22 February 2007


There was a brief respite yesterday when we interrupted classes for an Ash Wednesday mass. It was as if someone poked holes in the crystal brick (see Cortázar) in which I live. Later, I wanted to sit in this room and write about Eliot's poem, but (of course) there was no time. Even now, there are only small scraps of it.
Because I know that time is always time
And place is always and only place
And what is actual is actual only for one time
And only for one place
I rejoice that things are as they are and
I renounce the blessèd face
And renounce the voice
Because I cannot hope to turn again
Consequently I rejoice, having to construct something
Upon which to rejoice
And so in two seconds I tried and found something more to think about...
The first long poem after his conversion was "Ash Wednesday" (1930), a religious meditation in a style entirely different from that of any of the earlier poems. "Ash Wednesday" expresses the pangs and the strain involved in the acceptance of religious belief and religious discipline. This and subsequent poems were written in a more relaxed, musical, and meditative style than his earlier works, in which the dramatic element had been stronger than the lyrical. "Ash Wednesday" was not well received in an era that held that poetry, though autonomous, is strictly secular in its outlook; it was misinterpreted by some critics as an expression of personal disillusion.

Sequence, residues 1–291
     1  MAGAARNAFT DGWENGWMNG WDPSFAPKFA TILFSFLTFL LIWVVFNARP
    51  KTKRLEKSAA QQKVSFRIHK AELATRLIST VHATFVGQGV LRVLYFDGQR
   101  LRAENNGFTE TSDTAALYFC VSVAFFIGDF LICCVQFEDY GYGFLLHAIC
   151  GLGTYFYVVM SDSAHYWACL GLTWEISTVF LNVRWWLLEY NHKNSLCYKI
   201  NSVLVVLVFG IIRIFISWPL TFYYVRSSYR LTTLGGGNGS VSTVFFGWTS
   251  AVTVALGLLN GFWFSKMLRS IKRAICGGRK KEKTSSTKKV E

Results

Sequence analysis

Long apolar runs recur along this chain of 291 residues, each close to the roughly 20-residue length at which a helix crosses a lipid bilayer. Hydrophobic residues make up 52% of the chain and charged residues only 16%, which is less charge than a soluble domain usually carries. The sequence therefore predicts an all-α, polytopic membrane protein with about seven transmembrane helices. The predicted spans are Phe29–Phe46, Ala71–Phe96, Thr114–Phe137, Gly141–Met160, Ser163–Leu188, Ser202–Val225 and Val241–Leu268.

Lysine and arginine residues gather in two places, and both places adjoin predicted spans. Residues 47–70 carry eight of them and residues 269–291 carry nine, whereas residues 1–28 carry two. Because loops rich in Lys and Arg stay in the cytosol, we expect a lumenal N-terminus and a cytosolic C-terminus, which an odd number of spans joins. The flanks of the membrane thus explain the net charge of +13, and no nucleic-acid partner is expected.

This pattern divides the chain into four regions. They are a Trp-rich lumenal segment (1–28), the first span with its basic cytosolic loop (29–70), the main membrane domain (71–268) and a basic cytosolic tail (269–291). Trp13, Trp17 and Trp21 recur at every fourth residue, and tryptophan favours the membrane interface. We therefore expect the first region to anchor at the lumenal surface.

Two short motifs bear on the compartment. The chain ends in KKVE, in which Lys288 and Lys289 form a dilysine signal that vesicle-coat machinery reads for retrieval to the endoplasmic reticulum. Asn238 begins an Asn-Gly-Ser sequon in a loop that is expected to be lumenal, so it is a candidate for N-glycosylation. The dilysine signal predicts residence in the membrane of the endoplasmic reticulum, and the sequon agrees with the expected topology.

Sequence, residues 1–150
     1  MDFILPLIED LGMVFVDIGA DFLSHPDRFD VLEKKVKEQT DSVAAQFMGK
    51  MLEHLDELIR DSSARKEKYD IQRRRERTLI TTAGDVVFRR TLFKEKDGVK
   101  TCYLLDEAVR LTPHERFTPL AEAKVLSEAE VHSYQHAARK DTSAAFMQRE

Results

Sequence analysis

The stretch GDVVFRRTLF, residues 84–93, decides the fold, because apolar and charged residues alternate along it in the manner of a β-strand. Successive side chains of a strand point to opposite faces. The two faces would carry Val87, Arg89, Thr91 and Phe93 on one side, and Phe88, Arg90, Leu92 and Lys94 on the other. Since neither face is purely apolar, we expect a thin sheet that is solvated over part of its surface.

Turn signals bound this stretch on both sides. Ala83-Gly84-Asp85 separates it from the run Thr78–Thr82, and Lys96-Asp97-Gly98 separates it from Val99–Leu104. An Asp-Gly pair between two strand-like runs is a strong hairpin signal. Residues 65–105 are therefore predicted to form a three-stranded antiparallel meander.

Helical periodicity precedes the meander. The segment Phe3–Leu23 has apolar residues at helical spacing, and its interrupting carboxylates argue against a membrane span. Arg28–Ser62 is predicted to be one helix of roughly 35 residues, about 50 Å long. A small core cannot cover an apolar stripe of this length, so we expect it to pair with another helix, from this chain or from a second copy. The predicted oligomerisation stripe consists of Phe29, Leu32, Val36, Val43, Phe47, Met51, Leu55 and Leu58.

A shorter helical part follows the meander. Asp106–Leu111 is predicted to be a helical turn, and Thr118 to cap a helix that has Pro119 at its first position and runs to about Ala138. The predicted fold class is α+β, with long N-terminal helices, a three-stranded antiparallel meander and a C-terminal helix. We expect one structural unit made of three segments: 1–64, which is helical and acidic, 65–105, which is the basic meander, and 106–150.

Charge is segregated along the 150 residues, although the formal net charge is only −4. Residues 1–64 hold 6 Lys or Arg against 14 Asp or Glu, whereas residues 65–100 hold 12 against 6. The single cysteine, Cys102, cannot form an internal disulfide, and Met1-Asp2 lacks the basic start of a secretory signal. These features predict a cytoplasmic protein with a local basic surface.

I love this tension between the content of "strain" and the form of "a more relaxed [...] style". Both and. All at once. At the same time. Opposites only helping each other...

Oh to lock myself away with a stack of books for days on end! But for now there is this, and it will have to be enough.
If the lost word is lost, if the spent word is spent
If the unheard, unspoken
Word is unspoken, unheard;
Still is the unspoken word, the Word unheard,
The Word without a word, the Word within
The world and for the world;
And the light shone in darkness and
Against the Word the unstilled world still whirled
About the centre of the silent Word.

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